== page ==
No matter your financial goals, putting your money into one or more savings accounts can help you build your balance by taking advantage of higher account rates to maximize returns. Many different savings accounts offer benefits that enable you to reach your savings goals with low or zero monthly fees. For example, you could earn more cash with high-yield savings options via Credible. High-yield savings accounts typically offer exponentially higher interest rates than normal savings accounts.
However, you shouldn’t just dump your money into a standard savings account. Shopping for the right savings account means identifying which accounts offer certain benefits that cater to your unique financial needs and goals. A different savings account could may be used for different goals and could be used instead of a credit card, personal loan, or even using funds from your checking account. Because interest savings rates and account programs can change at any time, shopping for new savings accounts regularly can actually help you maximize your returns and ensure you don't lose money.
What should you look for when shopping for a savings account?
There are many types of savings accounts and each financial institution may offer different terms for these accounts. When shopping around for a new savings account, it’s important to consider all factors that influence your maximum earnings, including:
- Interest rates
- Minimum balances
- Ease of account access
- Length of maturity
1. Interest Rates
Financial institutions are not required to offer the highest interest rate available which is why you should always compare multiple rates from different banks.
2. Minimum Balances
Some types of savings accounts will require that you maintain a minimum balance. If your account falls below the minimum balance, you may be penalized.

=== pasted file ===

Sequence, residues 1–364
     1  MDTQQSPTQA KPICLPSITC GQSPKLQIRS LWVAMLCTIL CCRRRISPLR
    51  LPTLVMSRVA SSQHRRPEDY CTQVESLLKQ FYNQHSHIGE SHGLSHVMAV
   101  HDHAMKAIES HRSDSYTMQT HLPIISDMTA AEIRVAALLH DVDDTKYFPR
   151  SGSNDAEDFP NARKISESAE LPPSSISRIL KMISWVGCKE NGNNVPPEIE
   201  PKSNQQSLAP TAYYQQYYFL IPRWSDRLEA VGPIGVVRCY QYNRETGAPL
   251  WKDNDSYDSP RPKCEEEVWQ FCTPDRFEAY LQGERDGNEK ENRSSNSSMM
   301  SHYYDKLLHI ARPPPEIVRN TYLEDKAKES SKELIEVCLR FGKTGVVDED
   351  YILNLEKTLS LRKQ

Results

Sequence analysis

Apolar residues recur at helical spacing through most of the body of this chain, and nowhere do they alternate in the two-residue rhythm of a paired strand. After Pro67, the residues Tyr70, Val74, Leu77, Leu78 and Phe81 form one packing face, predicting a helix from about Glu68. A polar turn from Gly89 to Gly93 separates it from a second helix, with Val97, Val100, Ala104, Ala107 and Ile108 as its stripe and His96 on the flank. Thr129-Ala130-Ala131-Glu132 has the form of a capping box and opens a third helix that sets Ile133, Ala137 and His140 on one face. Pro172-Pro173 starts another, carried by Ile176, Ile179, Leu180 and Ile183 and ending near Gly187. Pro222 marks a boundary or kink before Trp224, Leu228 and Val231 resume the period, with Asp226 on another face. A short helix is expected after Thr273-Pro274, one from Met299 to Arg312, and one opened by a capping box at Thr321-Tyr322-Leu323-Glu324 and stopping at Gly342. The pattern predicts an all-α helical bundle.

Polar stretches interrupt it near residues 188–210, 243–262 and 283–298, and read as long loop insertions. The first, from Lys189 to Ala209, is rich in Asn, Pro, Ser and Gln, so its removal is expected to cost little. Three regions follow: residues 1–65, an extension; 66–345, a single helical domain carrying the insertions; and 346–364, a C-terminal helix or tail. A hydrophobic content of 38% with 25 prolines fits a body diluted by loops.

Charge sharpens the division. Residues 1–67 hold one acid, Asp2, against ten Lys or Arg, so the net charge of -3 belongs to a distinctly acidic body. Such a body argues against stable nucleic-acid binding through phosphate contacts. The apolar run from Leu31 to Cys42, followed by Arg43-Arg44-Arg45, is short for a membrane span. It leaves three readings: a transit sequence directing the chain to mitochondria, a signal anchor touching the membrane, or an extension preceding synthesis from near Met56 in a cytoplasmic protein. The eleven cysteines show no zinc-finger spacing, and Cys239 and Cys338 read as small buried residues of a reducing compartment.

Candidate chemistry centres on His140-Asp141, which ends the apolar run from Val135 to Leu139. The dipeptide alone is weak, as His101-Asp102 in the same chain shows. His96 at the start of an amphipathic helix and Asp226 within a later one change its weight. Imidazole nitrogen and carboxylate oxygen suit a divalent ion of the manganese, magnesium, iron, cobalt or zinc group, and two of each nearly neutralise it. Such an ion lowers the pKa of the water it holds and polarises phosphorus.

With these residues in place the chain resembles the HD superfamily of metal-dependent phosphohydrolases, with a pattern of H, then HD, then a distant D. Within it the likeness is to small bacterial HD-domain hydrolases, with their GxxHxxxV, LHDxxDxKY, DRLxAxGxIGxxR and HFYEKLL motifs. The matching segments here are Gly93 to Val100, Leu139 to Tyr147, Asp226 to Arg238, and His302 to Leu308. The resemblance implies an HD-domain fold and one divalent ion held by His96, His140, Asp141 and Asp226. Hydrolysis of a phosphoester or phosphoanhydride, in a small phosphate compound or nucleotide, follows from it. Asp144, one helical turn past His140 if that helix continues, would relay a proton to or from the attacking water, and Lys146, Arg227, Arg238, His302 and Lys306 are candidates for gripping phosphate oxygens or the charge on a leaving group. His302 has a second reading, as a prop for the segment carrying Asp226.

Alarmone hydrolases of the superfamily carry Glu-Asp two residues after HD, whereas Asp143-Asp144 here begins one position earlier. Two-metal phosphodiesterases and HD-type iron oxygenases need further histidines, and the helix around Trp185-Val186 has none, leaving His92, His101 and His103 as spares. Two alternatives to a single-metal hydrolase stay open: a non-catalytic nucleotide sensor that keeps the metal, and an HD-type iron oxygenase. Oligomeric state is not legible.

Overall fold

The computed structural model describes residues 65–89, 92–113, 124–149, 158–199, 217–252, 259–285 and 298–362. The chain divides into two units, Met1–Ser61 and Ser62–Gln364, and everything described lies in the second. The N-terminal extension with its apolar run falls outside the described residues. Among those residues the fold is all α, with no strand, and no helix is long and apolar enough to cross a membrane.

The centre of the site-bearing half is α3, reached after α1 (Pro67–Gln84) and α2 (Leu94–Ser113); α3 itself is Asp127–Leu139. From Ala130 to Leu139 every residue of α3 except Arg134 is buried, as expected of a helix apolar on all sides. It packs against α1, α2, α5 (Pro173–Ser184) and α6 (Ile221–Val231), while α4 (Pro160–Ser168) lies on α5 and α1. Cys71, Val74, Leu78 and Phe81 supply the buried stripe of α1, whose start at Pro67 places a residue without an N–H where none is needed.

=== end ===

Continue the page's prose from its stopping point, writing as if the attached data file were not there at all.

Along with potential minimum balance fees, some banks may charge monthly maintenance fees for your savings and checking account which will ultimately limit your maximum earnings.
4. Ease of access
Depending on the type of savings account, you may be limited in how often you can access these funds. For example, a money market account may offer a higher interest rate than a traditional savings account, however, it may only allow you to withdraw these funds a few times per month without penalty.
5. Length of maturity
There are other forms of savings accounts that also have higher interest rates than traditional savings accounts, for instance, a certificate of deposit. CD rates are competitive rates and have a guaranteed rate of return; however, you’re required to keep your savings in the CD until it hits its predetermined maturation date. This could be as short as one month or as long as five years.
If you want to discover quick and easy ways to save money, you should visit Credible to find a high-yield savings option that best fits your unique savings goals.
How often should you shop for new savings accounts?
There is no single correct way to manage your savings. Some experts suggest opening a new savings account for each of your financial goals. Others advise limiting your accounts to ensure consistent deposits and ease of maintenance. Ultimately, opening a new savings account should happen at your personal speed, convenience and comfort level.
If you’re new to saving or are only able to deposit small sums, it’s best to open a savings account and shop around for a better interest rate every six months or year. If you have large sums of money, you may benefit from comparing new account rates every three to six months to ensure you’re maximizing your returns.
Though you may be satisfied with your current savings account, it’s never a bad idea to shop around and compare the latest rates.
What is the national average interest rate on a savings account?
As of Apr. 1, 2020, the FDIC reports a national deposit rate of 0.07% and a national rate cap at 0.82%. for savings accounts. As of this writing, the national APRs for high-yield savings accounts are between 0.52% and 0.6% on average. One significant influence that can cause these savings rates to increase or decrease is the benchmark interest rate set by the Federal Reserve, which influences rates on a savings account, personal loan, credit card, home loan and more. When the Fed reduces their benchmark rate, interest rates are lowered. Other federal government and local economic factors that influence the reduction of these savings rates include:
- The volume of deposit current at a specific bank
- Stimulus checks
- Paycheck Protection Program loans
- Unemployment bonuses
Although these factors may reduce interest rates across the board, you can still ensure that you receive the best interest rates available by shopping around for new savings accounts. If you don’t want to leave money on the table, you can maximize your earnings with these high-yield savings options on the Credible marketplace.
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